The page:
2nd March 2021

Silence is golden

… A time to keep silence, And a time to speak…
Ecclesiastes 3:7 (NKJV)

Silence is golden. In the book of Job, Bildad could have used this advice; Job’s  misery was compounded by his well-meaning friends. They felt he needed an evaluation of his circumstances, whereas they probably served him best when they sat sympathetically and silently with him for a week: ‘So they sat down with him on the ground seven days and seven nights, and no one spoke a word to him, for they saw that his grief was very great.’ (Job 2:13). There are times when we see family members, friends, neighbours, and even strangers, suffering greatly and we are at a loss for words. Maybe it’s a time to stay silent, reserving our opinions for a later date. In the meantime we can take the matter to God in prayer.

Job had money, a successful business, a great family, recognition, and a good reputation. Besides all of this, we are told that he was a deeply religious man. When he expressed his pain and suffering, his friends felt compelled to respond. Bildad thought he understood Job’s situation. Job had just lost all his oxen, donkeys, sheep, shepherds, camels, servants, children and his house (Job 1:14-19). Then he was afflicted with a terrible case of boils from head to foot (Job 2:7). 

Bildad logically concluded that if bad things caused bad results, then good behaviour would merit great blessings (Job 8:20-22). It probably would have been wiser for Bildad to remain silent. Proverbs 17:28 tells us, ‘Even a fool is counted wise when he holds his peace; When he shuts his lips, he is considered perceptive.’ 

Job’s reaction to his great loss and suffering was very different from the normal human reaction, of blaming everything and everyone, and maybe even God, for their predicament. But not Job: Then Job arose, tore his robe, and shaved his head; and he fell to the ground and worshiped. And he said: “Naked I came from my mother’s womb, And naked shall I return there. The Lord gave, and the Lord has taken away; Blessed be the name of the Lord.” In all this Job did not sin nor charge God with wrong.’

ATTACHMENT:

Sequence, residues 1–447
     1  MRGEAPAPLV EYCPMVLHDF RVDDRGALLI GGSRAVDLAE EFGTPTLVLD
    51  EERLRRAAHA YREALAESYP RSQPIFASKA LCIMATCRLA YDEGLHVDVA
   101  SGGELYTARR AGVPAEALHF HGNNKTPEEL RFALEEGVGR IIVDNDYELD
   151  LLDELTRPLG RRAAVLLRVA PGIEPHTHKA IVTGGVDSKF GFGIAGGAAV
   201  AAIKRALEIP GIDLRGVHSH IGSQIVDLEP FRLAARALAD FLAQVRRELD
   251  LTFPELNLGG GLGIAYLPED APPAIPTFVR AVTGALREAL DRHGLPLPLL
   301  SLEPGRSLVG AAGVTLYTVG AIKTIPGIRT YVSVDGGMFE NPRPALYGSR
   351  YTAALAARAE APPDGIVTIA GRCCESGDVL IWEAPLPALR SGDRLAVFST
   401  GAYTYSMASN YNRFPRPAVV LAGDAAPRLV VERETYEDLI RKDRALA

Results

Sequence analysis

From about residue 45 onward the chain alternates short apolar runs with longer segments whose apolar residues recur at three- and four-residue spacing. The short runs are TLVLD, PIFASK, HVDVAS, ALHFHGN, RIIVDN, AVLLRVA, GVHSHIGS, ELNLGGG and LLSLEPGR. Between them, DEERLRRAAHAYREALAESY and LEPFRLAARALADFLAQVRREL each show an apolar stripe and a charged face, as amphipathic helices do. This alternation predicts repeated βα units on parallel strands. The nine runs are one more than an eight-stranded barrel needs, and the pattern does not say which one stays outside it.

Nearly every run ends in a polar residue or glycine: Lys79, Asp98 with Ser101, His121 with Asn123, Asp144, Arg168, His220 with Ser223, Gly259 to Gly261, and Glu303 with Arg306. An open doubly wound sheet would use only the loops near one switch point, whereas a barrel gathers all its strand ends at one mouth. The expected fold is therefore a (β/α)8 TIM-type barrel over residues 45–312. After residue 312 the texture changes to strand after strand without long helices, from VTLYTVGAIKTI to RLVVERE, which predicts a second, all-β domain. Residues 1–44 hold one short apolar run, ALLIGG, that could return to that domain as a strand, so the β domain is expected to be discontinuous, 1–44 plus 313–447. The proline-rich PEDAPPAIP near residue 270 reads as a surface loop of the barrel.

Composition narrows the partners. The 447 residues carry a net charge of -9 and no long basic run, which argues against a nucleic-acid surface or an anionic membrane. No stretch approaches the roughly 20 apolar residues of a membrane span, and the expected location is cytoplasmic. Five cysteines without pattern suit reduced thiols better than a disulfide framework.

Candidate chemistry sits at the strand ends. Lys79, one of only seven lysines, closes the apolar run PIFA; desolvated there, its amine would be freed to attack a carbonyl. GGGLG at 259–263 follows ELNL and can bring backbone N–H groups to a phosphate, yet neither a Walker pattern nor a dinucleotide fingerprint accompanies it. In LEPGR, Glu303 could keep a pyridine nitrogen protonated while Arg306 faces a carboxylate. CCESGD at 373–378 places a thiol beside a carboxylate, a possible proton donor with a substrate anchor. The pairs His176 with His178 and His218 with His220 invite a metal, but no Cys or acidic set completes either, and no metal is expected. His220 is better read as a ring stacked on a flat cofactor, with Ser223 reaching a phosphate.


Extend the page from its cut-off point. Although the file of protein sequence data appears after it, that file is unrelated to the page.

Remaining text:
When we meet someone who is going through great pain and suffering, what are the first words that come out of our mouths? Well, like Job’s friends who sat with him for seven days and nights and stayed silent, there may be a time in a person’s suffering that all we can do is pray, stay silent, showing love, care, and compassion. At an opportune moment we can ask God for the right words to say.

Almighty God, we give you praise and thanks for all the blessings you shower on us. Fill us with peace, love and compassion. Bless the lonely, heal the sick and surround us with your light.
In Jesus’ name. Amen

Study by Dennis Payne



About the writer:
Dennis Payne is a Deacon in the Central London congregation of Grace Communion  International.

Local congregation:
Grace Communion International 
Central London
Indian YMCA Student Hostel
Mahatma Gandhi Hall
41 Fitzroy Square

Meeting time:
Saturday 2:30pm

Local congregational contact:
Barry Robinson
Email: london@gracecom.church 

Word of Life contact: